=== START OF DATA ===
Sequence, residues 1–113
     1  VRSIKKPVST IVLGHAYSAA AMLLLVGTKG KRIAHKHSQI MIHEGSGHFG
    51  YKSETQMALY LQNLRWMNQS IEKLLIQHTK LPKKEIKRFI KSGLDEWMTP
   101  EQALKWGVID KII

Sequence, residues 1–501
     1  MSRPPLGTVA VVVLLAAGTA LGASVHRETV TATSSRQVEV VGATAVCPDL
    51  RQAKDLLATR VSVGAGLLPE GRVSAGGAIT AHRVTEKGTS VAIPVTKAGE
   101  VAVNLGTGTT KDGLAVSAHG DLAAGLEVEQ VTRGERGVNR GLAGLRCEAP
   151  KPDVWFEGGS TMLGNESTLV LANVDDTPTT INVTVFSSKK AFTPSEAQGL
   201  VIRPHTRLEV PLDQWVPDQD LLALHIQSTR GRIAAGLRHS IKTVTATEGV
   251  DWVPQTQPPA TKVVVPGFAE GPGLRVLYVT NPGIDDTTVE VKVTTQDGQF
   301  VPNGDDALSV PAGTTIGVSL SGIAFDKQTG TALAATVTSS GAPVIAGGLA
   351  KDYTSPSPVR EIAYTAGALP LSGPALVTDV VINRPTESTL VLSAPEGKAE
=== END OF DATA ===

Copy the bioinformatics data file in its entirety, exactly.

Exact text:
Sequence, residues 1–113
     1  VRSIKKPVST IVLGHAYSAA AMLLLVGTKG KRIAHKHSQI MIHEGSGHFG
    51  YKSETQMALY LQNLRWMNQS IEKLLIQHTK LPKKEIKRFI KSGLDEWMTP
   101  EQALKWGVID KII

Sequence, residues 1–501
     1  MSRPPLGTVA VVVLLAAGTA LGASVHRETV TATSSRQVEV VGATAVCPDL
    51  RQAKDLLATR VSVGAGLLPE GRVSAGGAIT AHRVTEKGTS VAIPVTKAGE
   101  VAVNLGTGTT KDGLAVSAHG DLAAGLEVEQ VTRGERGVNR GLAGLRCEAP
   151  KPDVWFEGGS TMLGNESTLV LANVDDTPTT INVTVFSSKK AFTPSEAQGL
   201  VIRPHTRLEV PLDQWVPDQD LLALHIQSTR GRIAAGLRHS IKTVTATEGV
   251  DWVPQTQPPA TKVVVPGFAE GPGLRVLYVT NPGIDDTTVE VKVTTQDGQF
   301  VPNGDDALSV PAGTTIGVSL SGIAFDKQTG TALAATVTSS GAPVIAGGLA
   351  KDYTSPSPVR EIAYTAGALP LSGPALVTDV VINRPTESTL VLSAPEGKAE